• Leading to social isolation, which can increase feelings of hopelessness and exacerbate mental health problems.
  • Causing financial problems, relationship issues, and legal consequences, which can lead to further emotional distress.
  • Acting as a coping mechanism for emotional pain can increase the risk of self-harm and suicidal thoughts.

3. Social consequences of addiction

Strained relationships with friends and family – Addictive behavior can lead to a lack of trust and communication between individuals, damaging the foundation of a healthy relationship.

Prioritizing drug or alcohol use – An addicted person may focus much of their time and attention on obtaining and using an addictive substance rather than time with loved ones, often leading to resentment, anger, and isolation.

Erratic and unpredictable behavior – Unpredictable behavior by an addicted person can be frightening and frustrating for family and friends.

Money problems – The money issues that often accompany addiction can create tension and conflict within relationships. Job loss, debt, poor money management, failure to pay rent or other monthly bills, legal charges, and money spent on purchasing the substance strains relationships.

Legal issues – Possessing or distributing drugs, arrest for DUI, stealing money to purchase drugs or alcohol, or violent behavior while under the influence can result in incarceration, affecting personal relationships and social standing.

4. Behavioral consequences of addiction

Impulsivity and risk-taking behaviors – Some addictive substances alter brain chemistry, leading to poor decision-making and impulse control, which can result in poor judgment, impulsive behavior, and neglect of responsibilities.

Risky behavior – Addiction can lead to a preoccupation with obtaining and using drugs or alcohol, leading individuals to take risks and engage in dangerous behavior to get their desired substance.

Reduced motivation – Regular use of drugs or alcohol can alter reward and motivation pathways in the brain, increasing the desire for the substance and reducing the incentive to focus on people, work, or anything unrelated to substance use.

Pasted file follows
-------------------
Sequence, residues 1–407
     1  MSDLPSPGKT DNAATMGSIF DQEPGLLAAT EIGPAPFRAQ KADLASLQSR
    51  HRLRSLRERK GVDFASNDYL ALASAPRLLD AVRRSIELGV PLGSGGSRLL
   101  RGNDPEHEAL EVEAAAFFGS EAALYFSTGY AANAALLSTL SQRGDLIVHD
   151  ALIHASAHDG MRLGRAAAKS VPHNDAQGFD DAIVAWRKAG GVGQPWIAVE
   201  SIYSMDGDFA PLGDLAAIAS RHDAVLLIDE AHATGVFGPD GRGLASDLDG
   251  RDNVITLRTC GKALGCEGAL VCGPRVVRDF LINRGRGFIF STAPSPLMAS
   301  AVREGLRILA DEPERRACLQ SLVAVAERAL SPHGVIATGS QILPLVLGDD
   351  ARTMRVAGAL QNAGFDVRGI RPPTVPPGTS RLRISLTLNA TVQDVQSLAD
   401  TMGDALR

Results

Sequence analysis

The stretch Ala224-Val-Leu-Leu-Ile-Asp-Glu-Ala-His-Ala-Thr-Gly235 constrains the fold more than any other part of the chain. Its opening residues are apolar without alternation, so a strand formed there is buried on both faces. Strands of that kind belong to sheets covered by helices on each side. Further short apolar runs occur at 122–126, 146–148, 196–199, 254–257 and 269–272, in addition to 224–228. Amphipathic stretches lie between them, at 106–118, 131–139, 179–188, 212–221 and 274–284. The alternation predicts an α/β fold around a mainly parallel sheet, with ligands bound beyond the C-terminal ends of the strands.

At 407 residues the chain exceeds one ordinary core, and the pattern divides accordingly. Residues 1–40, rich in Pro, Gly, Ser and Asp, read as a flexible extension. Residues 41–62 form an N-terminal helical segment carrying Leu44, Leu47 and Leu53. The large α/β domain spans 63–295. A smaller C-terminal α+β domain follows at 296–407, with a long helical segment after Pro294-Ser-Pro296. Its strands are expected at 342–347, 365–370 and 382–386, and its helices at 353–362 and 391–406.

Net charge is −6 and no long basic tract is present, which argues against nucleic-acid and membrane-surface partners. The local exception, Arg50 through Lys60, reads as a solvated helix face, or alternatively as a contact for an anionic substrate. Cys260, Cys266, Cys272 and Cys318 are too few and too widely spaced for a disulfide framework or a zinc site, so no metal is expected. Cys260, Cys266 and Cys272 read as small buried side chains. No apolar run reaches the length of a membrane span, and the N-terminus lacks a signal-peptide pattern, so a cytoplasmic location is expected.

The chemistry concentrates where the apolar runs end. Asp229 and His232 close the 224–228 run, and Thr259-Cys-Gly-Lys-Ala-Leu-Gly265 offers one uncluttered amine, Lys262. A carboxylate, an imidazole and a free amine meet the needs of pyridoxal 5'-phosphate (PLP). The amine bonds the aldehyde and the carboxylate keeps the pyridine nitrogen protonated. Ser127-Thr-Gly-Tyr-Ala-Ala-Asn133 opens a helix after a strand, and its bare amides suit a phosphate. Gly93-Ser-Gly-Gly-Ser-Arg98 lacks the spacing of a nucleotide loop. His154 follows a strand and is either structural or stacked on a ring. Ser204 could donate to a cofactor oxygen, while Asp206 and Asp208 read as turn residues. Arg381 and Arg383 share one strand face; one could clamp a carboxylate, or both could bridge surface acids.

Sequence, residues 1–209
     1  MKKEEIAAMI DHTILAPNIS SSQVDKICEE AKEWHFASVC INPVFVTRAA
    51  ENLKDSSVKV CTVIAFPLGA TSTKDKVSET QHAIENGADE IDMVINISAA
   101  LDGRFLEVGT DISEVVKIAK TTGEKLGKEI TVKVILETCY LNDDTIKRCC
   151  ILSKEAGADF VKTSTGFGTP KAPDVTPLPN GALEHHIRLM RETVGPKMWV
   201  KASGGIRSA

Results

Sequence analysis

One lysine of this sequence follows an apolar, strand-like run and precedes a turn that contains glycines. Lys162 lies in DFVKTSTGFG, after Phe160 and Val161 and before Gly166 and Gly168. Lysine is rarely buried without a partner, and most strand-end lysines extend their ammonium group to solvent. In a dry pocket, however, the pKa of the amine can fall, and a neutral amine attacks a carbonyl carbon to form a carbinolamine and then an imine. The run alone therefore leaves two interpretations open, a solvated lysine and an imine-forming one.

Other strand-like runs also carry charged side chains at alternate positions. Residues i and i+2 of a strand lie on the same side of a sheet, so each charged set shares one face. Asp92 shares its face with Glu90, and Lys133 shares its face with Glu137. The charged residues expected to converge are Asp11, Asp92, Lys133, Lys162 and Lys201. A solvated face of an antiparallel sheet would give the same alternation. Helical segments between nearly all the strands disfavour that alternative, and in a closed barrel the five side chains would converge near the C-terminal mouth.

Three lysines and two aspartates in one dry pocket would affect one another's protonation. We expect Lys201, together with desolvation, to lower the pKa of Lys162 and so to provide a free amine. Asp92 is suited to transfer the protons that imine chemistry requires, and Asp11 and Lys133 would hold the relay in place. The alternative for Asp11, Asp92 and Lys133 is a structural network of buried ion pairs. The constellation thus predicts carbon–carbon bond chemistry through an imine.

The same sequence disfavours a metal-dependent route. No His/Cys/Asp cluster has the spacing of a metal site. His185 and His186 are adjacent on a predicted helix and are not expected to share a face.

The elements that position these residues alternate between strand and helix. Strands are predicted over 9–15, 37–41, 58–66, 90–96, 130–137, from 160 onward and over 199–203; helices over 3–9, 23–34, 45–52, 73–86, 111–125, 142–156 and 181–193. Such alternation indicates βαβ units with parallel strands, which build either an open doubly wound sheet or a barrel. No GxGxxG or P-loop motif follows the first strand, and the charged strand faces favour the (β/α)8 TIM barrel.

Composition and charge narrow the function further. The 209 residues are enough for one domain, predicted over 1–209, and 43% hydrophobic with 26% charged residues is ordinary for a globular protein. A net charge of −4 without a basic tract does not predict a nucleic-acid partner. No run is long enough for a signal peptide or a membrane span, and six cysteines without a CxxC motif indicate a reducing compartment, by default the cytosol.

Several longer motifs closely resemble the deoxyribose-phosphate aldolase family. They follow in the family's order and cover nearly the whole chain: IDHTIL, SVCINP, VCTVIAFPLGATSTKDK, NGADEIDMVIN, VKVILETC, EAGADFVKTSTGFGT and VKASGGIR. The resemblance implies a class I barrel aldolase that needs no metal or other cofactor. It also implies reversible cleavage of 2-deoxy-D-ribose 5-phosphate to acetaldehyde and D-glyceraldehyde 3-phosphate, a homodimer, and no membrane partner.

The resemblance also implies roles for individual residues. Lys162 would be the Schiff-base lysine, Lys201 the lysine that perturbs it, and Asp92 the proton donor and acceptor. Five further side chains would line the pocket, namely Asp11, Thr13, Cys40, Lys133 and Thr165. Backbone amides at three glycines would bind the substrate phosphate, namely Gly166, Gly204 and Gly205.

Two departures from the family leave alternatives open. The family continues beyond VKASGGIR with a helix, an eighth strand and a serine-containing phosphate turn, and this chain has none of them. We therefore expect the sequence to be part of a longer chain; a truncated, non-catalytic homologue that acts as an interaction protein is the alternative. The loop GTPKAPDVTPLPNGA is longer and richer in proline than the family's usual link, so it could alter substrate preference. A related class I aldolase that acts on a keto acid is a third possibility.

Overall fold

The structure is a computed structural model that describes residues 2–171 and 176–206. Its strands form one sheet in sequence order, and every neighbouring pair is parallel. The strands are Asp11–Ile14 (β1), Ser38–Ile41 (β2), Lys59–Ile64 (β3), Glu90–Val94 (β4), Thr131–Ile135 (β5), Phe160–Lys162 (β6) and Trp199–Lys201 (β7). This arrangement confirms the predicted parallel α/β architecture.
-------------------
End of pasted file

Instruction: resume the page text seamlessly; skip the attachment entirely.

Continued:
Manipulative behavior – Addicted people may lie, blame others, or be emotionally abusive to avoid taking responsibility for their behavior.

Treatment and Recovery

Many addictive substances cause changes in the brain, rewiring neural pathways and impairing normal brain functions. Once these brain changes occur, it is incredibly challenging for an addicted person to stop using drugs or alcohol without professional help.

When the body becomes physically addicted to a substance and substance use stops, the addicted person will experience withdrawal symptoms. Symptoms can range from mild to severe, and some are life-threatening.

Professional treatment provides a range of services, such as medical detoxification, counseling, behavioral therapies, and support groups which can help people manage withdrawal symptoms, address the root causes of their addiction, and develop healthy coping mechanisms.

The compassionate team at Midwest Recovery Centers provides a supportive and non-judgmental environment for people to recover and rebuild their lives. Seeking professional help is an essential step toward recovery and can significantly increase the chances of successfully overcoming addiction.

Contact Midwest Recovery Centers today to learn more.

 

Reviewed and Assessed by
Taylor Brown, B.A.Com., CADC
Tim Coleman, M. of Ed.

Staffed 24 hours a day, 7 days a week.

Click or Call Today! 844-597-1376